IFC: How would you describe Celebrity All-Star to a drunk friend of a friend you met in a bar?

Sisters Weekend: It’s this short we made for IFC where a talent coordinator named Karen babysits a bunch of weird c-list celebs who are stuck in a hotel bar. It’s everyone you hate from reality TV under one roof – and that roof leaks because it’s a 2-star hotel. There’s a magician, sexy cowboys, and a guy wearing a belt that sucks up his farts.


IFC: What was the genesis of Celebrity All-Star?

Celebrity All-Star was born from our love of embarrassing celebrities. We love a good c-lister in need of a paycheck! We were really interested in the canned politeness people give off when forced to mingle with strangers. The backstory we created is that the cast of this reality show called “Celebrity All-Star” is in the middle of a mandatory round of “get to know each other” drinks in the hotel bar when the room keys stop working. Shows like Celebrity Ghost Hunters and of course The Surreal Life were of inspo, but we thought it
was funny to keep it really vague what kind of show they’re on, and just focus on everyone’s diva antics after the cameras stop rolling.

IFC: Every celebrity in Celebrity All-Star seems familiar. What real-life pop personalities did you look to for inspiration?

Sisters Weekend: Anyone who is trying to plug their branded merch that no one asked for. We love low-rent celebrity. We did, however, directly reference Kylie Jenner’s turd-raison lip color for our fictional teen celebutante Gibby Kyle (played by Mary Houlihan).


IFC: Celebrity seems disgusting yet desirable. What’s your POV? Do you crave it, hate it, or both?

Sisters Weekend: A lot of people chase fame. If you’re practical, you’ll likely switch to chasing success and if you’re smart, you’ll hopefully switch to chasing happiness. But also, “We need money. We need hits. Hits bring money, money bring power, power bring fame, fame change the game,” Young Thug.


IFC: Who are your comedy idols?

Sisters Weekend: Mike grew up renting “Monty Python” tapes from the library and staying up late to watch 2000’s SNL, Kat was super into Andy Kaufman and “Kids In The Hall” in high school, and Angelo was heavily influenced by “Strangers With Candy” and Anna Faris in the Scary Movie franchise, so, our comedy heroes mesh from all over. But, also we idolize a lot of the people we work with in NY-  Lorelei Ramirez, Erin Markey, Mary Houlihan, who are all in the film, Amy Zimmer, Ana Fabrega, Patti Harrison, Sam Taggart. Geniuses! All of Em!

IFC: What’s your favorite moment from the film?

Sisters Weekend: I mean…seeing Mary Houlihan scream at an insane Pomeranian on an iPad is pretty great.

See Sisters Weekend right now on IFC’s Comedy Crib

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Reality? Check.

Baroness For Life

Baroness von Sketch Show is available for immediate consumption.

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Baroness von Sketch Show is snowballing as people have taken note of its subtle and not-so-subtle skewering of everyday life. The New York Times, W Magazine, and Vogue have heaped on the praise, but IFC had a few more probing questions…

IFC: To varying degrees, your sketches are simply scripted examples of things that actually happen. What makes real life so messed up?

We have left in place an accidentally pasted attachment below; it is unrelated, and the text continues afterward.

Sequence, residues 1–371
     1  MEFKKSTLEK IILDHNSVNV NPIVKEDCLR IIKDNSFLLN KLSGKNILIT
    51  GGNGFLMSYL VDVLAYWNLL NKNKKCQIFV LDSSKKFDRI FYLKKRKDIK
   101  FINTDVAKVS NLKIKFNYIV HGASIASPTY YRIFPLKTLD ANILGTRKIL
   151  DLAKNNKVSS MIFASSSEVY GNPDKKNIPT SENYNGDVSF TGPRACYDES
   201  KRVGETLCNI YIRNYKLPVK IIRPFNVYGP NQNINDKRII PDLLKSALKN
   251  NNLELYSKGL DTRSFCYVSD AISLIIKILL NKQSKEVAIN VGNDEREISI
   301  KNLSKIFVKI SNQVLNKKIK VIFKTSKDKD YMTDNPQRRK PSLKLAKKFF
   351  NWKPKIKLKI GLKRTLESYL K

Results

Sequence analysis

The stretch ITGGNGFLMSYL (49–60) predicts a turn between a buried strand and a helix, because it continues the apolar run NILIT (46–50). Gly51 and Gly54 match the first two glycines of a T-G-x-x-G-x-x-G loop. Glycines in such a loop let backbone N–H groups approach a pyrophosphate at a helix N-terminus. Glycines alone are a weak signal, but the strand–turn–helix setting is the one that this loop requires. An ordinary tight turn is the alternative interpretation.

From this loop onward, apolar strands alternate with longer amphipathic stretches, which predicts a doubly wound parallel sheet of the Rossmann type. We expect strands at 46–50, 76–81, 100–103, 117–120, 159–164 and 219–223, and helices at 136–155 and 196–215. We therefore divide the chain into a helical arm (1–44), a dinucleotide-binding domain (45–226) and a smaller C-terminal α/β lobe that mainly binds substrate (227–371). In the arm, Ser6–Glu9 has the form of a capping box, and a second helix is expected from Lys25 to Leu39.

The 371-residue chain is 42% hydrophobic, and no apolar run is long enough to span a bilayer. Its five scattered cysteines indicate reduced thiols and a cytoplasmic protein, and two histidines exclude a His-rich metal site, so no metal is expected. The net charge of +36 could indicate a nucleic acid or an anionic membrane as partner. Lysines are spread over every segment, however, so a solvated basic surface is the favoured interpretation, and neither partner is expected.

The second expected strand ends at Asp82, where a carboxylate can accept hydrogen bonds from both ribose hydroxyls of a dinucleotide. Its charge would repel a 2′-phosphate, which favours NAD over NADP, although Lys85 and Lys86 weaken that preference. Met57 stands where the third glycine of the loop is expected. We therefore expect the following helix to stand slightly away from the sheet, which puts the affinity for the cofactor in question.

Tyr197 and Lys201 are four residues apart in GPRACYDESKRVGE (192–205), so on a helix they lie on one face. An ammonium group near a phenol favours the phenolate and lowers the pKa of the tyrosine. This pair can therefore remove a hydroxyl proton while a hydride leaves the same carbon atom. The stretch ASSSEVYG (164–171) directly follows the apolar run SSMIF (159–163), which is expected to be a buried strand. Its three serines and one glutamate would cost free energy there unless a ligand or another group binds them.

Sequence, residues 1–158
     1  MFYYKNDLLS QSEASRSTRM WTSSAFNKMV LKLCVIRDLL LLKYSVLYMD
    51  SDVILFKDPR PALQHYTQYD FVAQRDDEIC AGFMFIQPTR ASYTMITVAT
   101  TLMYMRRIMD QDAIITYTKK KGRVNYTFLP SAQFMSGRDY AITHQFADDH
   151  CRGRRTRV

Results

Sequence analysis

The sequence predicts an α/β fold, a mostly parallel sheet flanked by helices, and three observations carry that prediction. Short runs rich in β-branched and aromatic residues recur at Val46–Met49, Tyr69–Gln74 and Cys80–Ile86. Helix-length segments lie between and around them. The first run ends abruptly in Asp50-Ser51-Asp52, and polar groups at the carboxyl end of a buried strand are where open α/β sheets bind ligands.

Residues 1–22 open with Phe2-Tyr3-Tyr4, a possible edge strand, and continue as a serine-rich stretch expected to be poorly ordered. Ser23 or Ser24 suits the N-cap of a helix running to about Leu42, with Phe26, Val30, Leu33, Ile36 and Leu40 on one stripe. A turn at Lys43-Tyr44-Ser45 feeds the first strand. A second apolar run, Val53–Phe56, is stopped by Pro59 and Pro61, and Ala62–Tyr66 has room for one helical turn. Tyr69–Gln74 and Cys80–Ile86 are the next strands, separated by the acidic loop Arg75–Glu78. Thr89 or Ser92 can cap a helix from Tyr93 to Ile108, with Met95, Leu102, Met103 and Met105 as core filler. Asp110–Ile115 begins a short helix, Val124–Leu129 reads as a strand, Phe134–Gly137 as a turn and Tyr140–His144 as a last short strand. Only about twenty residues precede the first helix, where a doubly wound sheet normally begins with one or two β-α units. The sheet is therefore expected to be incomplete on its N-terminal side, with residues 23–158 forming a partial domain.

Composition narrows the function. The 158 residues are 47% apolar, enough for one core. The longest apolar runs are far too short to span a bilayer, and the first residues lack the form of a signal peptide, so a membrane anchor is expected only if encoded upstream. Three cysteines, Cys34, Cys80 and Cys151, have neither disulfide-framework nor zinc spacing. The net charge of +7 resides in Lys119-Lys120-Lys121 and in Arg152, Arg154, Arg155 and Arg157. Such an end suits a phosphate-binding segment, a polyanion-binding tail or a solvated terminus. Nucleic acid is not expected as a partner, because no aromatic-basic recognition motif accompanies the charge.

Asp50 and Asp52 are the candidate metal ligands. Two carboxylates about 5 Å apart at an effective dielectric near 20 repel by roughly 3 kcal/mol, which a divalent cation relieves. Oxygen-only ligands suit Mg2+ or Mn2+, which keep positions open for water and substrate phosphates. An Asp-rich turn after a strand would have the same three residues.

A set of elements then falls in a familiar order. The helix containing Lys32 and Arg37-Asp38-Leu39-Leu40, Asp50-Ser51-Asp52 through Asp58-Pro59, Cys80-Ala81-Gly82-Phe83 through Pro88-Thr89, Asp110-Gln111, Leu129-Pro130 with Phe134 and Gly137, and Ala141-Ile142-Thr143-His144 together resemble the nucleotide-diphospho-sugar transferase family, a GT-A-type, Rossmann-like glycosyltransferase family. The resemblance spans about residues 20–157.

Aurora: Hubris, Ego and Selfish Desires and lack of empathy.

Carolyn: That we’re trapped together in the 3rd Dimension.

Jenn: 1. Other people 2. Other people’s problems 3. Probably something I did.

IFC: A lot of people I know have watched this show and realized, “Dear god, that’s me.” or “Dear god, that’s true.” Why do people have their blinders on?

Aurora: Because most people when you’re in the middle of a situation, you don’t have the perspective to step back and see yourself because you’re caught up in the moment. That’s the job of comedians is to step back and have a self-awareness about these things, not only saying “You’re doing this,” but also, “You’re not the only one doing this.” It’s a delicate balance of making people feel uncomfortable and comforting them at the same time.


IFC: Unlike a lot of popular sketch comedy, your sketches often focus more on group dynamics vs iconic individual characters. Why do you think that is and why is it important?

Meredith: We consider the show to be more based around human dynamics, not so much characters. If anything we’re more attracted to the energy created by people interacting.

Jenn: So much of life is spent trying to work it out with other people, whether it’s at work, at home, trying to commute to work, or even on Facebook it’s pretty hard to escape the group.

IFC: Are there any comedians out there that you feel are just nailing it?

Aurora: I love Key and Peele. I know that their show is done and I’m in denial about it, but they are amazing because there were many times that I would imagine that Keegan Michael Key was in the scene while writing. If I could picture him saying it, I knew it would work. I also kind of have a crush on Jordan Peele and his performance in Big Mouth. Maya Rudolph also just makes everything amazing. Her puberty demon on Big Mouth is flawless. She did an ad for 7th generation tampons that my son, my husband and myself were singing around the house for weeks. If I could even get anything close to her career, I would be happy. I’m also back in love with Rick and Morty. I don’t know if I have a crush on Justin Roiland, I just really love Rick (maybe even more than Morty). I don’t have a crush on Jerry, the dad, but I have a crush on Chris Parnell because he’s so good at being Jerry.



IFC: If you could go back in time and cast yourselves in any sitcom, which would it be and how would it change?

Carolyn: I’d go back in time and cast us in The Partridge Family.  We’d make an excellent family band. We’d have a laugh, break into song and wear ruffled blouses with velvet jackets.  And of course travel to all our gigs on a Mondrian bus. I feel really confident about this choice.

Meredith: Electric Mayhem from The Muppet Show. It wouldn’t change, they were simply perfect, except… maybe a few more vaginas in the band.

Binge the entire first and second seasons of Baroness von Sketch Show now on and the IFC app.